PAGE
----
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George Gershwin

George Gershwin was born Jacob Gershowitz in Brooklyn in 1898, the second of four children from a close-knit immigrant family. He began his musical career as a song-plugger on Tin Pan Alley, but was soon writing his own pieces. Gershwin's first published song, "When You Want ‘Em, You Can't Get ‘Em," demonstrated innovative new techniques, but only earned him five dollars. Soon after, however, he met a young lyricist named Irving Ceaser. Together they composed a number of songs including "Swanee," which sold more than a million copies. In the same year as "Swanee," Gershwin collaborated with Arthur L

ARTICLE: ALBUM REVIEWS

Franz Koglmann Septet: Fruits Of Solitude

Read "Fruits Of Solitude" reviewed by Mark Corroto

Franz Koglmann must be a connoisseur of vinification, i.e. winemaking, because his Fruits Of Solitude has the feel of a master vintner at work. Specifically, wine blends like Super Tuscans or Côtes du Rhônes mark his amalgam of European chamber music and American jazz. Koglmann is a true polymath in that he hears all and rejects ...

ARTICLE: ALBUM REVIEWS

Aaron Diehl: The Vagabond

Read "The Vagabond" reviewed by Mike Jurkovic

Cardinally invested, engaged and resolute on making the classical hop and the swing vice versa, pianist Aaron Diehl, double bassist Paul Sikivie and drummer Gregory Hutchinson take a deep dive into the many accords and asymmetries shared by Philip Glass and George Gershwin and come up victorious. Flush with tradition and vision, pianist Diehl's ...

ARTICLE: PROFILES

The Very Singular Mr. Ran Blake

Read "The Very Singular Mr. Ran Blake" reviewed by Duncan Heining

There have been few American composers and musicians, with the ability to encapsulate their country's music in all its racial and ethnic complexity. We might perhaps point to Aaron Copland, Leonard Bernstein, Charles Ives and perhaps, in their own distaff ways, Harry Partch and Steve Reich. In jazz, their number is fewer still--Duke Ellington and George ...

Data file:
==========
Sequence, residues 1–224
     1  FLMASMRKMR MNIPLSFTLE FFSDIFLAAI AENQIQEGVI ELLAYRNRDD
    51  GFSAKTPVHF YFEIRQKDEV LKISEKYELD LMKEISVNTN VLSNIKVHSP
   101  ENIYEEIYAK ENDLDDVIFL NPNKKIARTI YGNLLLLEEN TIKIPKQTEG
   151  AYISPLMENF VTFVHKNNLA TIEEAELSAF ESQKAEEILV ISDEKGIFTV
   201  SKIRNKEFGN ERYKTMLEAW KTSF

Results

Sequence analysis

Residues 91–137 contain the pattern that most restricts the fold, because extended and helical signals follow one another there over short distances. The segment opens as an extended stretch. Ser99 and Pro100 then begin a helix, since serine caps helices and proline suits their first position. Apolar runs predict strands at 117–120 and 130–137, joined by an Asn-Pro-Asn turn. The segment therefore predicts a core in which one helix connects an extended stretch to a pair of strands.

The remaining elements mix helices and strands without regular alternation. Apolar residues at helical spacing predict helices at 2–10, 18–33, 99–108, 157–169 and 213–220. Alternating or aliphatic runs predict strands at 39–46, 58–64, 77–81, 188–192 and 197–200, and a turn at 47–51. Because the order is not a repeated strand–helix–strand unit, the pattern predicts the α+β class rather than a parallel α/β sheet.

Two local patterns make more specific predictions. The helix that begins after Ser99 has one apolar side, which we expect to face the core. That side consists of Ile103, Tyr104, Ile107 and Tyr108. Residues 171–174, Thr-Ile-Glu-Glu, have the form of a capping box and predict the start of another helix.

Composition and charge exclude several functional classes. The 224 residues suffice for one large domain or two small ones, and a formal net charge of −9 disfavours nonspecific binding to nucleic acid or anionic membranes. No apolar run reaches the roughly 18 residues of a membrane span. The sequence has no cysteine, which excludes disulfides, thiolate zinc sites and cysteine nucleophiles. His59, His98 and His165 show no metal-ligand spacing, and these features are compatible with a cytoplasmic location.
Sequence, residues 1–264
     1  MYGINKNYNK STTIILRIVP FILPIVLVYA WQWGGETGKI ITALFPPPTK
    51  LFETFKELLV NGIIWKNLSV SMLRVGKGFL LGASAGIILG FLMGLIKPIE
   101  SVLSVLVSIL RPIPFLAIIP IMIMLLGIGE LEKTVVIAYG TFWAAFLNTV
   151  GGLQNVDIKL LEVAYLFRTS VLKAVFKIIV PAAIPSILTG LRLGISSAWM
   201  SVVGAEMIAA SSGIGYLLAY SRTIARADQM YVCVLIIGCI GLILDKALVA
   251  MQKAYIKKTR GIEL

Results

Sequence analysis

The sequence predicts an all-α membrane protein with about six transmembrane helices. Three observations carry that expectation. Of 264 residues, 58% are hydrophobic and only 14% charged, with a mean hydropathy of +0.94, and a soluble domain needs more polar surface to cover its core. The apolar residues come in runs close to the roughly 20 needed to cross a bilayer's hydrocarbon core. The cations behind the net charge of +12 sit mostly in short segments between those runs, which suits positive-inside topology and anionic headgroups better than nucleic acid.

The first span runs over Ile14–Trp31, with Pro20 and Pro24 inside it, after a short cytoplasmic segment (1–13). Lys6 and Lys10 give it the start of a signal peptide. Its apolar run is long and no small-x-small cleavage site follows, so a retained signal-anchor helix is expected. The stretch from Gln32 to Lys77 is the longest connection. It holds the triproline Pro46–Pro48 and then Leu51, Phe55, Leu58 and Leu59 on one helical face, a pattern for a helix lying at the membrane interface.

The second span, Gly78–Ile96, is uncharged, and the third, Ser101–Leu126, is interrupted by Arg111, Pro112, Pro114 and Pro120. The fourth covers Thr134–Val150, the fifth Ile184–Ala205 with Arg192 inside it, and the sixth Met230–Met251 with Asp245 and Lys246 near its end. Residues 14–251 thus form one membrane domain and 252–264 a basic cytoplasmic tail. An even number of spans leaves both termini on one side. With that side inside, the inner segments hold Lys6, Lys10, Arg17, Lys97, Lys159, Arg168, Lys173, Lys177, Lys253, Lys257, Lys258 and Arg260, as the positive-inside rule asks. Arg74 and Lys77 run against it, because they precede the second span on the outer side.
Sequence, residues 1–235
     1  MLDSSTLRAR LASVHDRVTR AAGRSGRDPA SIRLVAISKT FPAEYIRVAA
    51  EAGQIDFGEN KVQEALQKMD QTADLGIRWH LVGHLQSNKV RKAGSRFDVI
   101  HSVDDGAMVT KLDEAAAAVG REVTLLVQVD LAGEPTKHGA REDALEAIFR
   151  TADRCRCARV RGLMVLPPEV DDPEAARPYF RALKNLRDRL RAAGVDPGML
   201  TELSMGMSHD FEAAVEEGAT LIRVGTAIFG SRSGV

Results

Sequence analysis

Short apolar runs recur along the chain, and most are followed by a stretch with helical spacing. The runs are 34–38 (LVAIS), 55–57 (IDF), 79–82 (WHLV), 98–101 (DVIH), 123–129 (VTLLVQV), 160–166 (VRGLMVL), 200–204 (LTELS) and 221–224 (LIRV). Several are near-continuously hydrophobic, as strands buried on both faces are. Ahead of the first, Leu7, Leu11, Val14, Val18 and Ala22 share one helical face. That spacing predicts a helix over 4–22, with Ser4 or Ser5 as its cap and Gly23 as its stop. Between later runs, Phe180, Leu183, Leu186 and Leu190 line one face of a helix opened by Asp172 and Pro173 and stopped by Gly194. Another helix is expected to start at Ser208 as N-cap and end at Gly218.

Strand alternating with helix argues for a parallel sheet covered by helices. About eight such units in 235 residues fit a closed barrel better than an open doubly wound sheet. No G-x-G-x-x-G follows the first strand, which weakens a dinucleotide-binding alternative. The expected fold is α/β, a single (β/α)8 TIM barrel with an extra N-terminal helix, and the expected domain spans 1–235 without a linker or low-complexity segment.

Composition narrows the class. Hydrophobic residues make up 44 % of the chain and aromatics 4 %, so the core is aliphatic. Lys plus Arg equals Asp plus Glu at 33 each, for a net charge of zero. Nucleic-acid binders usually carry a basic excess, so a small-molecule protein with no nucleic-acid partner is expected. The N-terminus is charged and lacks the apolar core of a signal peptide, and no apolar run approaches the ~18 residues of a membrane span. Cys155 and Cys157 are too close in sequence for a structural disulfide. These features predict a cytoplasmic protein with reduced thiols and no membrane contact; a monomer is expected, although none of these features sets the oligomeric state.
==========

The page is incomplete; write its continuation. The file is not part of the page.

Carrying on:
ARTICLE: ALBUM REVIEWS

Emmet Cohen: Master Legacy Series Volume 3 Featuring Benny Golson & Albert "Tootie" Heath

Read "Master Legacy Series Volume 3 Featuring Benny Golson & Albert "Tootie" Heath" reviewed by Mike Jurkovic

Set aside for the moment that the combined age of the elders here is 174 years. Emmet Cohen's Masters Legacy Series Volume 3 Featuring Benny Golson & Albert “Tootie" Heath is not only a mouthful of a title, but also irascibly and irrepressibly old school. It's as if Cohen, in his youthful (29) zeal and zest ...

ARTICLE: ALBUM REVIEWS

John Abercrombie and Don Thompson: Yesterdays

Read "Yesterdays" reviewed by Don Phipps

The late John Abercrombie's outstanding and extensive recorded legacy includes two duet albums with fellow guitarist Ralph Towner, Sargasso Sea (ECM 2008) and Five Years Later (ECM, 2014), four Gateway trio albums (with bassist Dave Holland and drummer Jack DeJohnette), and three Baseline Trio albums (with bassist Hein Van de Geyn and drummer Joe LaBarbera).

ARTICLE: ALBUM REVIEWS

Chet Baker: Chet

Read "Chet" reviewed by Karl Ackermann

In the early 1950s, the rural Oklahoman Chet Baker established prominent connections in the jazz world; gigs with Charlie Parker and Stan Getz led to his first recordings. The trappings of both musicians' circles were dusted with heroin and Baker's career breaks coincided with his introduction to the disease that would stifle his musical development and ...

ARTICLE: ALBUM REVIEWS

Yakir Arbib: My Name Is Yakir

Read "My Name Is Yakir" reviewed by Don Phipps

Clever and entertaining, My Name is Yakir offers a diverse potpourri of jazz standards and original compositions performed by pianist Yakir Arbib. The music contrasts standards from the Dixieland, swing, bebop and hard bop eras with five originals that mix classical idioms with loose jazz structures. Arbib certainly has talent and his technical dexterity permits him ...

ARTICLE: HISTORY OF JAZZ

Coleman Hawkins: Fifty Years Gone, A Saxophone Across Time

Read "Coleman Hawkins: Fifty Years Gone, A Saxophone Across Time" reviewed by Arthur R George

Fifty years ago this past year, Coleman Hawkins, considered the father of tenor saxophone in jazz, passed away. Thelonious Monk was pacing back and forth in the hallway outside Hawkins' hospital room when the saxophonist succumbed at age 64 on the morning of May 19, 1969, from pneumonia and other complications. Monk was holding a short ...

ARTICLE: LIVE REVIEWS

Wycliffe Gordon & Vincent Gardner At The Jazz Corner

Read "Wycliffe Gordon & Vincent Gardner At The Jazz Corner" reviewed by Martin McFie

Wycliffe Gordon & Vincent Gardner The Jazz Corner Hilton Head Island, SC November 8-9, 2019 Wycliffe “Pinecone" Gordon is an Armstrong-styled horn player and has won a Louie award to prove it. He displayed that same laid-back behind the beat timing as Louis Armstrong, which belied the clarity of phrasing ...


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